Saturday, January 7, 2017

Vijali and the World Wheel

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Many years ago I saw Vijali Hamilton become GAIA, as she began her "World Wheel" project, a series of artworks she co-created around the world with many people.  She has been weaving the World Wheels for over 30 years now, and has founded the World Wheel Center near Santa Fe, New Mexico.  I am in awe of Vijali.  As she says of the origins of her life work,  
"The motivation for the World Wheel came from an experience in the mid 70’s when my perception of ourselves and the world shifted, and the Unity of life stood revealed. The next few years were a search for a way to live within this web of life that connects all life.  Specific ideas for the World Wheel came to me in a dream. I saw myself carving sculptures out of the living rock and involving people from many cultures in a process of ritual in a giant circle around the world. The circle itself represents Unity in the sense that each spoke of the wheel has a quality that is unique and distinct from every other spoke of the wheel. And yet it is from these differences that harmony arises, from these differences that the whole is created."


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Vijali as "GAIA"

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I felt like sharing her work here, because of late I need to remember the visionaries I've met and known, I need to remember and honor the visionaries, period.   

Perhaps one of my favorite points on her first Wheel was when she went to India, where she met a group of Baul musicians, and ended up staying in their village, and creating with them.  



Here's what she had to say about it:

Creating A Mandala House For A Village — Falling In Love with a Village 

West Bengal, India



"In West Bengal, India, I fell in love with a group of destitute Baul folk musicians who were singing for money on the train. I kept giving them coins to stay in my compartment and eventually they invited me to their village.

They were as generous as they were poor. When the villagers heard that a guest had arrived, they spread a mat under a tree for me. Women brought spiced tea, and the children of the village put jasmine garlands around my neck and danced and sang. A full moon appeared and the night sky shimmered with stars. It was one of the most beautiful evenings of my life.

I asked them the three questions I ask in every country. They answered, "We come from the womb of our mother. We really come from the mother who is the Earth. We are part of the Great Goddess. Our essence is the Great Kali." I also asked, "What is the imbalance in your lives and in your village?" They replied: "We are exhausted and under strain all the time because we have to go out and wander so we can make money. When we come back, we don't always have enough money and food for our families." And my third question, what could heal their problem? They answered, "To really love our singing and not worry about the future. Just to keep on doing what we are doing, but give up anxiety and be God conscious every moment of our day."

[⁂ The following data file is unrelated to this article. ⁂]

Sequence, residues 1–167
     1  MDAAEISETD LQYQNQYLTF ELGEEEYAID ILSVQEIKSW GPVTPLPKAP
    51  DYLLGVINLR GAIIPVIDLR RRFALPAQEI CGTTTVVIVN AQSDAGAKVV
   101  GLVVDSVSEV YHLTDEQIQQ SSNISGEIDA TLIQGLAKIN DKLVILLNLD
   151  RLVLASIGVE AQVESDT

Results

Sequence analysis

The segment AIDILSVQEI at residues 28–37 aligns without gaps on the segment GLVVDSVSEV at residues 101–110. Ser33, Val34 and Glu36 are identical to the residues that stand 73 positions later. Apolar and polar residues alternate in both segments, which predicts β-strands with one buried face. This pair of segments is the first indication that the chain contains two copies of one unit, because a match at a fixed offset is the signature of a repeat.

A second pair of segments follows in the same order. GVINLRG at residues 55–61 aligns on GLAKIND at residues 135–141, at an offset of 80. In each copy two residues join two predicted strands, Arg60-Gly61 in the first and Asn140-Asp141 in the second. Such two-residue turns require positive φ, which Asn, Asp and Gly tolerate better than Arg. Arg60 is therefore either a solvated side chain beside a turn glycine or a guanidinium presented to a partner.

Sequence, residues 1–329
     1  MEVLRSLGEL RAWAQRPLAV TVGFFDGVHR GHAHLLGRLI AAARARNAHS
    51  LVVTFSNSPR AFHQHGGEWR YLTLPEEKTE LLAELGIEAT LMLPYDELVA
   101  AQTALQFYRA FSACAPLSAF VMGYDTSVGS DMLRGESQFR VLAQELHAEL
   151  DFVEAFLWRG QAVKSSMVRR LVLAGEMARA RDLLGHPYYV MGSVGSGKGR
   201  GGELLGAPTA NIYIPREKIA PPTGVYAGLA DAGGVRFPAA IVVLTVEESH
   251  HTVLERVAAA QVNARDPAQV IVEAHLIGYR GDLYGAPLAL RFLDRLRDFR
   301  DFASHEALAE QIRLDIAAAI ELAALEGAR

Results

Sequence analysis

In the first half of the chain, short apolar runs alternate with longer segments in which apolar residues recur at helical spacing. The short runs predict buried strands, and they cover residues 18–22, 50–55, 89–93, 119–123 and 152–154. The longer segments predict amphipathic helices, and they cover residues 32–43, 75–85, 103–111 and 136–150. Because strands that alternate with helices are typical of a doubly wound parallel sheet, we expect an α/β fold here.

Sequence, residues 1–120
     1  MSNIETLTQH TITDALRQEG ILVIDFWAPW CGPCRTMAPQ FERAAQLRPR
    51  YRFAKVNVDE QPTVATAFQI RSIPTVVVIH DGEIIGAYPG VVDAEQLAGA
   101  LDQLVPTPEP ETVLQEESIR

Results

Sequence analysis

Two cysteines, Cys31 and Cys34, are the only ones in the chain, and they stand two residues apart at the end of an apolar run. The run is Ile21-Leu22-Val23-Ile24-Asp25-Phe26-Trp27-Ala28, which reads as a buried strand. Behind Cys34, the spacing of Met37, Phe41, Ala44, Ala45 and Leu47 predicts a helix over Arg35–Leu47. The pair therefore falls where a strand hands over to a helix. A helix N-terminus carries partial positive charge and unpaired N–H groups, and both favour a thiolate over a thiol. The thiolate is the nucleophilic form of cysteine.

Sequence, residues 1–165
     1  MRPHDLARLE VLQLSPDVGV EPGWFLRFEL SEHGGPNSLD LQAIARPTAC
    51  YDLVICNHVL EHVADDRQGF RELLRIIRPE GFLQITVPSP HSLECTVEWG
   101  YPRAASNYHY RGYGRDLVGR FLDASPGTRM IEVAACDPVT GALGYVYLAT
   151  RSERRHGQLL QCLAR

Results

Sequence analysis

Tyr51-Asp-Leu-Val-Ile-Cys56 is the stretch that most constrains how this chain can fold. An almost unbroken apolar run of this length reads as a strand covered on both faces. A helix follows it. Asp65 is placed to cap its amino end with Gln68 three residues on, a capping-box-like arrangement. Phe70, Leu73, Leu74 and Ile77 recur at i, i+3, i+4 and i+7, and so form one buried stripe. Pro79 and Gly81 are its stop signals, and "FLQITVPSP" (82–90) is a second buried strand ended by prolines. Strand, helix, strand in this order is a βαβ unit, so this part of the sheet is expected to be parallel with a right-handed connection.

They found a hut for me and I moved into the village. I became aware that the tribal village was made up of mixed castes. I kept imagining them all sitting down in one circle. Finally I saw what was needed - a communal house, a commons where they could come together, practice and perform their music, have their own pujas (ceremonies), and hold school for their children. This is how I came to build the Mandala House in the village.

At first the Bauls just watched. According to the caste system they only sing, they don't do any physical work. But as I, their honored guest, worked with the low castes in the mud, someone came to help. Then his brother came, then the father, and pretty soon someone else in the village would stop and say, "Oh, my goodness, you don't do it that way; here, let me show you." And they would help. That's how it happened."





1 comment:

Gail said...

Vijali is a true visionary - as are you. Thank you for sharing.